Emergency

IAN M
21st April 2011, 16:52
Did Liberty Ships have a lever on the main deck which could be used to shut down the engine in an emergency?

Ian

lazyjohn
21st April 2011, 19:54
Don't know about anything specific to Liberty Ships, and my engineering knowledge is 31 years out of date, so here goes!

Fuel tank outlet valves can be tripped by cable from a fire point on deck. The primary duty of the trips is to protect against fire but this would also stop any engine being served by that tank.

I remember 'MV Goodhope Castle' suffering an electrical blackout in Durban. A shore gang cleaner tried to reach to a high level by standing on the trip cables, at a point where they ran horizontaly along the side of the generator gas oil tank.
All six of our horrible Rolls Royce 250 KW generators shutdown at 15 second intervals (depending on the length of the fuel supply pipes).

IAN M
21st April 2011, 20:23
Thanks, John. That's the sort of thing I'm interested in knowing, but perhaps someone knows the specific device used on Liberty Ships.

Regards

Ian

Jim S
21st April 2011, 21:26
Ian,
You could try the Jeremiah O Brien website - The preserved Liberty ship at San Francisco - The contacts for e-mail may be able to give you the specific answer you desire . Suggest the best one might be the "shipkeeper" - At least he/they could pass your inquiry onto the engineers.

IAN M
21st April 2011, 21:38
Thanks, Jim. Great idea. Will have a go.

Ian

KIWI
21st April 2011, 21:48
The Liberty Ship I was on in 1949 certainly didn't have any emergency stop fitted.Here in NZ the inter island ferries had emergency stops for the vent fans fitted on the boat deck in the fifties. I believe as a result of the Empire Windrush fire. KIWI

chadburn
21st April 2011, 23:38
Did Liberty Ships have a lever on the main deck which could be used to shut down the engine in an emergency?

Ian

Ian, never heard of a specific lever to the ME, however there is a way of lifting the Boiler Safety's to starve the ME of steam and everything else that was steam driven, although if you can get to the "fiddley tops" you would just close the main steam stops, it all depend's on what type of emergency you mean. The lever's I suspect will be to shut the oil fuel off to the Burner's. I will be interested myself if there was a lever of the type you are suggesting although I accept that the American's do at times do things different and use different types of V/V,s.

IAN M
22nd April 2011, 00:32
Thanks for that, Chadburn. I'm thinking of fire in the engine room. I emailed the Jeremiah O'Brien website, as Dicky S suggested, and have already had a reply saying my email will be passed on to someone who is likely to know.

Ian

cubpilot
23rd April 2011, 21:50
pity this post has just come up since my return from hols in usa. took a tour of the o'brien whilst there first week of april. well worth while and the best tourist attraction in san francisco as far as i am concerned. if there you must also visit USS Hornet the aircraft carrier over the other side of the Bay in the old Naval Base. That ship needs a full day on board to do it justice and don't get sidetracked by 'she who must' to go shopping before hand. nuf said.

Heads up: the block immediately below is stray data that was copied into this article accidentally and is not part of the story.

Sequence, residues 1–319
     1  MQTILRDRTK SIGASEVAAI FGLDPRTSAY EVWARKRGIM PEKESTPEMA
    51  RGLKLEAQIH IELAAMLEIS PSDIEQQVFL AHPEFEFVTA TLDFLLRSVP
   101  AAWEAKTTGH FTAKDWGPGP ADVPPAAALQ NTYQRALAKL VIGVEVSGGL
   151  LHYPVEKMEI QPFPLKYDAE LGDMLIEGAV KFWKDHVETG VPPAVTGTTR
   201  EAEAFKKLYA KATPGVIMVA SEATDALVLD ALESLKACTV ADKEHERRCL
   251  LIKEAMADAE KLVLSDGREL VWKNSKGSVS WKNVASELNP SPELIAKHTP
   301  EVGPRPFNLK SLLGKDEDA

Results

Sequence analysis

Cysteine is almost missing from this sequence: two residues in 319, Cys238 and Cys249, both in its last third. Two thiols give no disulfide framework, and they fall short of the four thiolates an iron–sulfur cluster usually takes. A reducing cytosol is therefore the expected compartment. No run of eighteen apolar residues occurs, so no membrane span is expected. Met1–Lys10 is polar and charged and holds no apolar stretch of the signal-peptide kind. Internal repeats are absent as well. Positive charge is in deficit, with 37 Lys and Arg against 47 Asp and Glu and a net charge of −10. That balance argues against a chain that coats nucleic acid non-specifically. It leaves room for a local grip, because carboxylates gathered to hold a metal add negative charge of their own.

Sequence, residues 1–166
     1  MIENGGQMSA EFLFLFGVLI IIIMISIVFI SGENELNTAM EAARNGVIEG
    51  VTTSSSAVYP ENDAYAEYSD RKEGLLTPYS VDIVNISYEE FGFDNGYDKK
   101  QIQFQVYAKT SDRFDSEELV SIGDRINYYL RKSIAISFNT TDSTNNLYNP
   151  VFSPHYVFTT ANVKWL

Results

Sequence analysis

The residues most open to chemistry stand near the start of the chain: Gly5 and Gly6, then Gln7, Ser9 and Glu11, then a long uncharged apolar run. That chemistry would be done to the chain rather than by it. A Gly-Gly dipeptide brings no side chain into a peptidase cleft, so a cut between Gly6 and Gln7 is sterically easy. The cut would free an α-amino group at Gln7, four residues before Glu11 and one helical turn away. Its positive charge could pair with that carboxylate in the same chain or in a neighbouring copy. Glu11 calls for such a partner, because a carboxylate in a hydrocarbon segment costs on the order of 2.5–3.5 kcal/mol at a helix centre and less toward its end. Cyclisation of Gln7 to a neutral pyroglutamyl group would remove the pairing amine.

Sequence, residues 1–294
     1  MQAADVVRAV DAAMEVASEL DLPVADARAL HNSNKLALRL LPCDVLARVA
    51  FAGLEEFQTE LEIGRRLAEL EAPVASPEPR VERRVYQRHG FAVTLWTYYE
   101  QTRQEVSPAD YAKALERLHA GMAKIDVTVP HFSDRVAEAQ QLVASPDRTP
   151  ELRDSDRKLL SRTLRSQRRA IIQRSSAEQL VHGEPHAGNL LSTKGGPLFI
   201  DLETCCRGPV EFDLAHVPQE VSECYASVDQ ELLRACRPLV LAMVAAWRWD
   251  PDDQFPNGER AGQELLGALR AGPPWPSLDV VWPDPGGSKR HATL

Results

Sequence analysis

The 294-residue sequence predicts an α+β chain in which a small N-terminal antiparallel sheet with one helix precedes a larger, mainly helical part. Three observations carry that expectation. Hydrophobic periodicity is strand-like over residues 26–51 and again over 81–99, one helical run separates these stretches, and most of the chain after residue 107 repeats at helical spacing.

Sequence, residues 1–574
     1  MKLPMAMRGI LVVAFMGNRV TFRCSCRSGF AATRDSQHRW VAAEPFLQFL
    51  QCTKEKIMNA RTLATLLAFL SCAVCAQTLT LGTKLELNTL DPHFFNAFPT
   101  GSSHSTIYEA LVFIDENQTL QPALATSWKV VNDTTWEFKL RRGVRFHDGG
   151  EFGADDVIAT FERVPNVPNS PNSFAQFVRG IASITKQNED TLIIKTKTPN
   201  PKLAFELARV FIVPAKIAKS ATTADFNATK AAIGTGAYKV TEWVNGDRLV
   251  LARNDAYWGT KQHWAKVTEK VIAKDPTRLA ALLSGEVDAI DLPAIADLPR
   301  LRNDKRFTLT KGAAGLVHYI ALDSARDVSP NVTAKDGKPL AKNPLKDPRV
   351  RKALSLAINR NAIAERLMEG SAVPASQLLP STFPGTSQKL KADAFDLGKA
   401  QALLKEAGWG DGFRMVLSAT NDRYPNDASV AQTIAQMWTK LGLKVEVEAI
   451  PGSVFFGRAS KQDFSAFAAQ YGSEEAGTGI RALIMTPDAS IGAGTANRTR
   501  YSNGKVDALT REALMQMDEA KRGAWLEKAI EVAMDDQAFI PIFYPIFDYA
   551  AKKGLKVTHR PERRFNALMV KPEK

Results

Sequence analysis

IAN M
24th April 2011, 21:21
Ian,
You could try the Jeremiah O Brien website - The preserved Liberty ship at San Francisco - The contacts for e-mail may be able to give you the specific answer you desire . Suggest the best one might be the "shipkeeper" - At least he/they could pass your inquiry onto the engineers.

Received from San Fransciso:

Ian,

Yes, there are actually several valve control wheels that can remotely shut off key equipment in the engine room. The boiler fires can be shut down via two valve controls for the steam supply to the fuel oil service pumps (one for each pump). They are located in the starboard side interior passageway on the main deck, just behind the starboard entrance to the officers' mess. A valve control to cut off steam to the main engine is located in the cross passage just forward of the galley, and there is also a valve control to shut off the main condenser circulating pump located in the port side passageway just opposite the entrance to the crews' mess.

Regards,

Chris Friedenbach

Thanks for your brilliant suggestion, Jim, and to the others who tried to help.

Ian

george jackson
26th May 2011, 04:48
As an E/A on the British Gratitude, built 1942 or thereabouts, I was on watch with the 2/E when the engines stopped suddenly. The 2/E asked if I had seen or done anything, I said that I had seen some movement of a cable above the main controls and he send me to trace its source. I followed it out on to the boat deck abaft the funnel to a large lever clearly marked Emergency Engine Stop. One of the deckhands was painting up there and he had moved the llever to one side to paint behind it !!!!
I assume the Liberty boats had a similar system.

kewl dude
26th May 2011, 18:39
If you are into aircraft carriers:

http://www.midway.org/

Located in downtown San Diego.

Greg Hayden